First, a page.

Everyone is on their personal hero’s journey.  Disillusionment is a part of growth.The beauty of fiction is that it teaches by example. The best stories understand that even the wisest among us are still all too human, acknowledges it and shows how to accept it in a healthy way. Even if the story fails to do that, the fact that the reader recognizes the mentor figure’s flaws can be a step toward seeing parallels in their own lives. In the end, fiction reflects reality in more emotion than facts. There is no Clark Kent or Luke Skywalker or Harry Potter in real life, but there are teenagers who are slowly realizing that their parents aren’t perfect and fans who realize that their idols have done awful things. Fiction allows them to explore their new understandings at a safe distance, intertwining their personal hero’s journeys with a fictional characters’ and growing as their hero grows.

14 thoughts on “The Flawed Mentor”

  1. I’ve always thought that Rowling’s handling of the Dumbledore/Harry dynamic was a sign of the maturity of her writing. Dumbledore has flaws, admits mistakes, and Harry does not simply forgive. I’m thinking most of the argument the two have near the end of Order of the Phoenix. It’s a moment that plays out in a quite natural manner, especially when you remember the hero is a teenager. Yet at the same time, neither completely looses faith in each other. And as you point out, Harry did name his son after Albus (though it was his younger child, so guess not his first choice) and during one of his lowest moments in Cursed Child desperately craves his mentor’s advice. Of course, there also comes a time when the mentor/parent is no longer there to guide, which Thorn makes clear in the Cursed Child, leaving Harry to his own devises.

    And yeah, those “pep” talks from the Kents in Snyder’s films are so head-scratching misguided, I don’t even know what to say about them. “You don’t owe this world anything.” Sure, Ma, whatever . . .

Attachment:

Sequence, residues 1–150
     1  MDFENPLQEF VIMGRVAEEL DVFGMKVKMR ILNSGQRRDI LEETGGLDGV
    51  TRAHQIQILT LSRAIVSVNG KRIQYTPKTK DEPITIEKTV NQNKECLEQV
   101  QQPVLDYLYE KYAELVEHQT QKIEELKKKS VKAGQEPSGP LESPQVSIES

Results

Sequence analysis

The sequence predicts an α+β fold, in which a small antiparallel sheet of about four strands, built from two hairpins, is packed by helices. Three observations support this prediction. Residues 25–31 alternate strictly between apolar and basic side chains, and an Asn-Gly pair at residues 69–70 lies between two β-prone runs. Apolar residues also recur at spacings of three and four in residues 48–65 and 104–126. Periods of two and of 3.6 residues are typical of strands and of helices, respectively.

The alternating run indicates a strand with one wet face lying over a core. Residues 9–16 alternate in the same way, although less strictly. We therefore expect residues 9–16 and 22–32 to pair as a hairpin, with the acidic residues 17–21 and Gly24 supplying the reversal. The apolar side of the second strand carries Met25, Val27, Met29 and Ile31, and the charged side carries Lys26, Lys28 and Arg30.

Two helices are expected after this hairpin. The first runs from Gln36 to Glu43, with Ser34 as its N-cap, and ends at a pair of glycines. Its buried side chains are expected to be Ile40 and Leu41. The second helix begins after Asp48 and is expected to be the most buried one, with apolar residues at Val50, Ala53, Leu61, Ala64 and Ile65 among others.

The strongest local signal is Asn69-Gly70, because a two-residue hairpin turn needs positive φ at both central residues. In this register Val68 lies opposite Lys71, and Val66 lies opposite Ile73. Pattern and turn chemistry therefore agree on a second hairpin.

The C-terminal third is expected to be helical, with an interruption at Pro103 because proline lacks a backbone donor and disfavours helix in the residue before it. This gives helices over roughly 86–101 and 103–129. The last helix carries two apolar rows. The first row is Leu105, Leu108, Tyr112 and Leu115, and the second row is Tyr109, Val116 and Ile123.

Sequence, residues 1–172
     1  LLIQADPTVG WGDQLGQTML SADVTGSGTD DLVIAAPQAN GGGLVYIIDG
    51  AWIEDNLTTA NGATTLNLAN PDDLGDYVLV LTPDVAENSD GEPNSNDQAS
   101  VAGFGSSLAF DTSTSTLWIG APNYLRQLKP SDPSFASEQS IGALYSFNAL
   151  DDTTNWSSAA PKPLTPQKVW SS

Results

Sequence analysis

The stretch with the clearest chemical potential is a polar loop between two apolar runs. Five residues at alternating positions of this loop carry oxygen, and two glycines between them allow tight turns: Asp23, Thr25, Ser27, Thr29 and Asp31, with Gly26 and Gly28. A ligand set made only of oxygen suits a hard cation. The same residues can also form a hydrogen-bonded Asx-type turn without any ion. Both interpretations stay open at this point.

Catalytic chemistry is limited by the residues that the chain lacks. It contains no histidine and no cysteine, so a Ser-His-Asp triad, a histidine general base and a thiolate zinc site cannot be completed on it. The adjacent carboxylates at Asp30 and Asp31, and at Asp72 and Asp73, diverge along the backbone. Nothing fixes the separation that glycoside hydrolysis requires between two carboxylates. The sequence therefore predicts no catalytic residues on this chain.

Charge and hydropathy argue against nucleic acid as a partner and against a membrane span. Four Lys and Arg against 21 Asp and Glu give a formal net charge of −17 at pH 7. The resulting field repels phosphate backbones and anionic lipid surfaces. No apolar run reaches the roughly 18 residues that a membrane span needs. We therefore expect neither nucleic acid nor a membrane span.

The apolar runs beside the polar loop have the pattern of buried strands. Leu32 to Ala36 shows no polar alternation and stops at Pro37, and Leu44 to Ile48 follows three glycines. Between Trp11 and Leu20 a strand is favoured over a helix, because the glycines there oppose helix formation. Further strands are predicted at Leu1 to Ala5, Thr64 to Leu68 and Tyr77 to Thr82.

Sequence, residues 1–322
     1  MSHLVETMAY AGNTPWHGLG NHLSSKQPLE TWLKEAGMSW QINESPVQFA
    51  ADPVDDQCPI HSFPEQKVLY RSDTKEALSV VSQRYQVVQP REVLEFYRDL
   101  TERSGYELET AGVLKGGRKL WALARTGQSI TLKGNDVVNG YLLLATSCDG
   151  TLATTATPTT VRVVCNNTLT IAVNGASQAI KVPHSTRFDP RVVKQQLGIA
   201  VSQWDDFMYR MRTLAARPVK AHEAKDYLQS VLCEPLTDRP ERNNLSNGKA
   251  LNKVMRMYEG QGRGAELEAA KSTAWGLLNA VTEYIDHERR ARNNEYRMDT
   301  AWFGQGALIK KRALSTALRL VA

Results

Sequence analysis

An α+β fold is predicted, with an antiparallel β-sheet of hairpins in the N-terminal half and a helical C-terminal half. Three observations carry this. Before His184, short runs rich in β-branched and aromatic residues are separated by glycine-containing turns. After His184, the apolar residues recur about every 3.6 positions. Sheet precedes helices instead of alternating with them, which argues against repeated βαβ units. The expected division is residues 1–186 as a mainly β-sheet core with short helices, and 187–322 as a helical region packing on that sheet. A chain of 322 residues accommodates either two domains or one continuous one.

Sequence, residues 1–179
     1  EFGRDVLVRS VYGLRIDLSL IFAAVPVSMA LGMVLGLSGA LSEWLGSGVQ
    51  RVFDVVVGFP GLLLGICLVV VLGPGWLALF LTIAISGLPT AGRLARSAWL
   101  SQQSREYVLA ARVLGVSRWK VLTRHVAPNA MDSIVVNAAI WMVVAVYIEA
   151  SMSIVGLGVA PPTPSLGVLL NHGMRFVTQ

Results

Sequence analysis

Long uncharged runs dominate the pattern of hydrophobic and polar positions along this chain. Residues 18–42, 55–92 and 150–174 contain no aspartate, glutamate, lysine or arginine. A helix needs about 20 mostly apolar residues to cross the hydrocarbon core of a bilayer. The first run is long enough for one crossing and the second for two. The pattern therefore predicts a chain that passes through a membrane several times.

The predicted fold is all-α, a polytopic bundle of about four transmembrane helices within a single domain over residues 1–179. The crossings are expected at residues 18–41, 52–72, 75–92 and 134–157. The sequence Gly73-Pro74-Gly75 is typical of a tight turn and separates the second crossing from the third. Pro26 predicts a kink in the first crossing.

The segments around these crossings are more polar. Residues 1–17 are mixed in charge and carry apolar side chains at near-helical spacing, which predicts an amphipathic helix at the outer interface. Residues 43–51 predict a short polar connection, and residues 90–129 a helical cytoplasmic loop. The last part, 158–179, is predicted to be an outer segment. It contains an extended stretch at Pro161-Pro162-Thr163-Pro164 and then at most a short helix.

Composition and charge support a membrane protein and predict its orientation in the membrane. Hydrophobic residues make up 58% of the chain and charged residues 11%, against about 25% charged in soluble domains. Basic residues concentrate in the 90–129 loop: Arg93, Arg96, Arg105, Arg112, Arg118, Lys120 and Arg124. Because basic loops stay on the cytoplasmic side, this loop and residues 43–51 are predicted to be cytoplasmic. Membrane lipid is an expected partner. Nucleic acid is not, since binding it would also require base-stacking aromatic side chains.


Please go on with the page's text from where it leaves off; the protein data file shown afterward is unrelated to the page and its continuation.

1. Yeah, their dynamic is very well done. It’s a testament to Rowling’s writing that she was able to handle their relationship so naturally. The Kents on the hand… I can sometimes see what they’re trying to say but their scenes needed some extra rewrites because those “words of wisdom” were baffling.

      1. Kevin Smith tweeted something about those movies to the effect of “these movies have been written and directed by people that don’t know the characters.” Heavily paraphrased. I agree with him.

          1. Yeah, as much as I dislike Synder’s direction, I place the most of the blame for Dawn of Justice’s failings on the screenplay . . .

          2. Ya, to be more precise he called the “characterization off” for both Batman and Superman. I agree, neither of them resemble any comic I’ve ever read. Moppy superman and blood thirsty Batman… Ugg.

            1. I think the only people who like mopey Superman are Gamaergate/4Chan assholes that can only relate to other assholes.

              1. I mean really the only cool thing about Superman is that he is unnaturally upbeat by human standards. And Batman would never decide to kill someone that he barely knows anything about. It’s as bad as Spider-Man 3.

                1. It’s definitely why I like the characters, especially Superman. In the movies I felt like Snyder understood that Supes is supposed to be a symbol of hope but not why he’s one. It’s not because of his god-like powers but his embodiment of everything good humanity has to offer.

      2. Strong character work really was one of the keys to the richness of the Potter books. Even Voldermort, who Rowling could have easily gotten away with leaving a two-dimensional villain, is given a backstory which explains without excusing who he becomes . . .